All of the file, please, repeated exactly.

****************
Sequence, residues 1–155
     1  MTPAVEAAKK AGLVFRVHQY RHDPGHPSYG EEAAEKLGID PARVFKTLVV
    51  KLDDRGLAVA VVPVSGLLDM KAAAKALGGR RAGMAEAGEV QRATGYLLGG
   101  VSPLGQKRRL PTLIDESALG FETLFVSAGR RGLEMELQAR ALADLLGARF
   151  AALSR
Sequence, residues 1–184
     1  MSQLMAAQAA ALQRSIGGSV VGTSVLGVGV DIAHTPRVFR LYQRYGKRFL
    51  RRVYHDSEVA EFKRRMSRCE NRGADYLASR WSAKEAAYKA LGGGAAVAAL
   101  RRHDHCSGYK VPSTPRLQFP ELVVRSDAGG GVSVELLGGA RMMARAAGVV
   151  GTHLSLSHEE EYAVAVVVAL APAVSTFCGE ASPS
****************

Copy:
Sequence, residues 1–155
     1  MTPAVEAAKK AGLVFRVHQY RHDPGHPSYG EEAAEKLGID PARVFKTLVV
    51  KLDDRGLAVA VVPVSGLLDM KAAAKALGGR RAGMAEAGEV QRATGYLLGG
   101  VSPLGQKRRL PTLIDESALG FETLFVSAGR RGLEMELQAR ALADLLGARF
   151  AALSR
Sequence, residues 1–184
     1  MSQLMAAQAA ALQRSIGGSV VGTSVLGVGV DIAHTPRVFR LYQRYGKRFL
    51  RRVYHDSEVA EFKRRMSRCE NRGADYLASR WSAKEAAYKA LGGGAAVAAL
   101  RRHDHCSGYK VPSTPRLQFP ELVVRSDAGG GVSVELLGGA RMMARAAGVV
   151  GTHLSLSHEE EYAVAVVVAL APAVSTFCGE ASPS